‘Go ask Arroyo, she knows SCTEx lobbyist’
MANILA, Philippines—Did former President Corazon Aquino personally lobby to build the Tarlac exit of the Subic-Clark-Tarlac Expressway (SCTEx) across her family’s sprawling Hacienda Luisita just before the 2004 elections?
Cavite Rep. Crispin Remulla, an ally of Nacionalista Party standard-bearer Sen. Manny Villar, suggested in a news conference that President Gloria Macapagal-Arroyo could provide the answer.
Remulla claimed that the Bases Conversion Development Authority (BCDA), implementing agency of the Japanese-built and designed expressway, had balked at diverting the expressway across the sugar hacienda.
But he said that the agency was ordered to continue the construction of the hacienda interchange after a “powerful person” called Ms Arroyo.
Although Remulla had previously tagged Aquino as the caller, he refused to name the late President Wednesday.
Dead men tell no tales
“Dead men tell no tales. It’s unfair to attribute anything to them, that’s hearsay. That’s not credible. I was told by somebody close to the President that somebody called her up because if she didn’t, it would have not been implemented. Who has that much influence to call somebody to push through with the project? Go ask GMA (Ms Arroyo). She should know,” he said.
Remulla’s charge came less than a week before the start of the campaign for the May 10 elections with Villar and Aquino’s son, Sen. Benigno “Noynoy” Aquino III, in a statistical tie in the presidential derby, according to the latest Pulse Asia survey.
Asked why Ms Arroyo would grant a favor to Corazon Aquino, Remulla said the ex-President had been a key player in the ouster of President Joseph Estrada in 2001. “At that time, they were really the best of friends,” he said.
But Corazon Aquino asked Ms Arroyo to resign after the “Hello Garci” election fraud scandal in 2004 and became an ardent critic.
Estate value went up
Remulla said that the first check for the right-of-way (ROW) purchase of P50 million was issued to Hacienda Luisita a month before the May 2004 elections. He reckoned that the money was used to bankroll Noynoy Aquino’s reelection as Tarlac representative.
In a statement, Remulla claimed that a member of “Kamag-Anak Inc.”—referring to the Cojuangco family of the late president—had also made a phone call to Ms Arroyo shortly after she assumed power in 2001 to negotiate the ROW across 83 hectares of land.
The interchange jacked up the Cojuangco property from P10 per square meter to P100.
Remulla said the Cojuangcos not only cashed in on the ROW purchase of P80 million but they also got an interchange worth P170 million for free, which instantly boosted the hacienda’s value from P600 million to P60 billion.
He said the interchange was key to the Cojuangcos’ long-time plan to convert the vast sugar plantation into an industrial estate.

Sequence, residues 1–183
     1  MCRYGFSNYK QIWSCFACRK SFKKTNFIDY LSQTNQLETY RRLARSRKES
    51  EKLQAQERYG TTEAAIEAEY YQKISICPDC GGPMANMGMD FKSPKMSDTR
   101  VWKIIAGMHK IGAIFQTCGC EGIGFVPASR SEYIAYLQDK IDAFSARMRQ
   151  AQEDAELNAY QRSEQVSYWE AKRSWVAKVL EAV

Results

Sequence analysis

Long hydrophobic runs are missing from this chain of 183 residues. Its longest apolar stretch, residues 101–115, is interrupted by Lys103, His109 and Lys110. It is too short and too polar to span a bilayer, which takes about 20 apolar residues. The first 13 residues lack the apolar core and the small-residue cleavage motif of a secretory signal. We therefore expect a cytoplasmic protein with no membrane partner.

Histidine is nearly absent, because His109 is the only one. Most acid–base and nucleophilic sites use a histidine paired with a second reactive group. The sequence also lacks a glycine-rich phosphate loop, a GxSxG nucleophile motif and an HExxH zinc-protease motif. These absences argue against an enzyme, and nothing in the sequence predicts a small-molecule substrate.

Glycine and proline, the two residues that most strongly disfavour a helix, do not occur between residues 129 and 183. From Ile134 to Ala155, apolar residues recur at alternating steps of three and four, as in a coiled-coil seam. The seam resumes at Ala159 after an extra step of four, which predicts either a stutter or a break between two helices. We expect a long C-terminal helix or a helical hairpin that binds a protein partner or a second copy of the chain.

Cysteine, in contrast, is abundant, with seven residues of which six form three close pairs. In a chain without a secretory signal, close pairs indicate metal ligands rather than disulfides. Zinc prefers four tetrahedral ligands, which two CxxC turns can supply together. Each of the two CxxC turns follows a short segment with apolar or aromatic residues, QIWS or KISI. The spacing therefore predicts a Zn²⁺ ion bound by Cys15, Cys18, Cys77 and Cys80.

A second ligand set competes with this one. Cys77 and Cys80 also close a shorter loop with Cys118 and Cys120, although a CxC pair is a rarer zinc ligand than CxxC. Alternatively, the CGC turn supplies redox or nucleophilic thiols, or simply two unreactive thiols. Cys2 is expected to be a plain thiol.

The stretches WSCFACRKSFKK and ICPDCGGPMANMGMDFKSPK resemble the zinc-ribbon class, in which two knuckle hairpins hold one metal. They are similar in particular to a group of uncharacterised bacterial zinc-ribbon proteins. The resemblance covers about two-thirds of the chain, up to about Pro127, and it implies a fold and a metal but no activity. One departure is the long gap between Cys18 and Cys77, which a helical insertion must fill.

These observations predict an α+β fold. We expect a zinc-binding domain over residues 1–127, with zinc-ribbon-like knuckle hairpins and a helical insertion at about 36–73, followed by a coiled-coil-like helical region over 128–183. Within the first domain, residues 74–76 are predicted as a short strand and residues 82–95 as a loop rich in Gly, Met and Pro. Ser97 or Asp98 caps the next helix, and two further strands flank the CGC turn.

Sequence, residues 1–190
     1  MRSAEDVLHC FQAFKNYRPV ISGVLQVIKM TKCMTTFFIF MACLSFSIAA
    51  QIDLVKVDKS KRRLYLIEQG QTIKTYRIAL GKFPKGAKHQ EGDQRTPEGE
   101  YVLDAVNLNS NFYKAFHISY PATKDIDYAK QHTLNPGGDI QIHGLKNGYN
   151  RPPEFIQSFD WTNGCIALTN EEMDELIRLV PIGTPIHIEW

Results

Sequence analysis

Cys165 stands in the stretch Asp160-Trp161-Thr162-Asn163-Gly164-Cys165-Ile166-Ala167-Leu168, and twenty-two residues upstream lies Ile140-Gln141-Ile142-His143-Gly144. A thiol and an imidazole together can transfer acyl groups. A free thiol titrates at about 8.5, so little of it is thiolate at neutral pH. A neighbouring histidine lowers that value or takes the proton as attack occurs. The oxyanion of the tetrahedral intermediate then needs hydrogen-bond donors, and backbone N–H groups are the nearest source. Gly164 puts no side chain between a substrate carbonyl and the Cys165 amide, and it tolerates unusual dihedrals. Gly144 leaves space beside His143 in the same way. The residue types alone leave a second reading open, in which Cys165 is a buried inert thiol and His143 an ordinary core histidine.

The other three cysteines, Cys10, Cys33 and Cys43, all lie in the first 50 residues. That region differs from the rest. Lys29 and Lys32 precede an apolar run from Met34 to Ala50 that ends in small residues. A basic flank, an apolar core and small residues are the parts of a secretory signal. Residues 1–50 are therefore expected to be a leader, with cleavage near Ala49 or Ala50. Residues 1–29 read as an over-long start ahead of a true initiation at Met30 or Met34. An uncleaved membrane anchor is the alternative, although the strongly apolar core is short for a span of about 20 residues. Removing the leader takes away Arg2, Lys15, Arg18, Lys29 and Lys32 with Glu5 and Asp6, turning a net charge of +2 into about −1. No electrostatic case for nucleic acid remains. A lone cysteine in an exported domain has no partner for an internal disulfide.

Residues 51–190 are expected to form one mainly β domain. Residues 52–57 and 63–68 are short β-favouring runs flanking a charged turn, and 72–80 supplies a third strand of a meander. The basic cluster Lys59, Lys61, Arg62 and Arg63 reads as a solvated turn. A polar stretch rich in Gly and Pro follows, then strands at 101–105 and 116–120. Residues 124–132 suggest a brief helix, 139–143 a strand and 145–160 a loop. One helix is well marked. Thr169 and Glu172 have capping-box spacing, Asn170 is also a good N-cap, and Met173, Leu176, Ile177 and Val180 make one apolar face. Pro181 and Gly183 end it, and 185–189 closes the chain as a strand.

The family had lobbied with Estrada to expand the Subic-Clark expressway, meant to connect the country’s main economic zones, to include Tarlac and had secured provincial approval of the estate’s conversion into an industrial zone, Remulla said
He said the conversion of the hacienda into an industrial estate was the final act of the Cojuangcos to take full control of the 6,453-hectare land.
Corazon Aquino’s father, Jose Cojuangco, acquired the estate through a loan in 1957 from the Government Service Insurance System on a promise that 4,000 ha would be distributed later to farmers and the remaining 2,453 ha sold to local residents at cost and on installment.
Remulla said the Cojuangcos never lived up to their promise and even fought off an attempt by the administration of President Ferdinand Marcos to force the distribution of the hacienda in court.
He noted that Corazon Aquino had used her powers to exempt the hacienda from agrarian reform and even endorsed a stock distribution option plan to subvert the program.
“They really have no plan to give back the land that rightfully belongs to the farmers. Hacienda Luisita is the country’s Little Palestine because it has been the cause of so much bloodshed,” Remulla said.
He said Noynoy Aquino could not claim that he had no hand in the hacienda management because he was a direct beneficiary, that he abstained in the voting on the extension of the comprehensive agrarian reform program, and that he got P2 million as his share from the ROW purchase.
“If his minority shares and business interest do not suffice to affect the Luisita’s corporate decisions, does the same apply to his silence as an elected public official for three terms in Congress and another in the Senate? Shall he continue to claim the same when he is elected President?” Remulla asked.